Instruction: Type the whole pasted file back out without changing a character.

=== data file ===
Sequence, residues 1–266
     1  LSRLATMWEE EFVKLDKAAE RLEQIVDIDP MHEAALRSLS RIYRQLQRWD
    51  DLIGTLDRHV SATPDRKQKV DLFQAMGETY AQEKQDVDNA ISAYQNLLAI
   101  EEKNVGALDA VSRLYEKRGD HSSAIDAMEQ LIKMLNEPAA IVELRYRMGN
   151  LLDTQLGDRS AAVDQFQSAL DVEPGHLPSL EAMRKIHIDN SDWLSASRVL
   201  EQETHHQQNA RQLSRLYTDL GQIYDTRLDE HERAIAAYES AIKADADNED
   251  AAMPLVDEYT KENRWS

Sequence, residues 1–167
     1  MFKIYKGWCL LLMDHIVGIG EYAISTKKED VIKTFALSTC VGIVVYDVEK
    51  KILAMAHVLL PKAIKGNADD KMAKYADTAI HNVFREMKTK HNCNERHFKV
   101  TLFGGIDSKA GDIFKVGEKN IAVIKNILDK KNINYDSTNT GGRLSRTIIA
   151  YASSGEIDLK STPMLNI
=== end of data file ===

Sequence, residues 1–266
     1  LSRLATMWEE EFVKLDKAAE RLEQIVDIDP MHEAALRSLS RIYRQLQRWD
    51  DLIGTLDRHV SATPDRKQKV DLFQAMGETY AQEKQDVDNA ISAYQNLLAI
   101  EEKNVGALDA VSRLYEKRGD HSSAIDAMEQ LIKMLNEPAA IVELRYRMGN
   151  LLDTQLGDRS AAVDQFQSAL DVEPGHLPSL EAMRKIHIDN SDWLSASRVL
   201  EQETHHQQNA RQLSRLYTDL GQIYDTRLDE HERAIAAYES AIKADADNED
   251  AAMPLVDEYT KENRWS

Sequence, residues 1–167
     1  MFKIYKGWCL LLMDHIVGIG EYAISTKKED VIKTFALSTC VGIVVYDVEK
    51  KILAMAHVLL PKAIKGNADD KMAKYADTAI HNVFREMKTK HNCNERHFKV
   101  TLFGGIDSKA GDIFKVGEKN IAVIKNILDK KNINYDSTNT GGRLSRTIIA
   151  YASSGEIDLK STPMLNI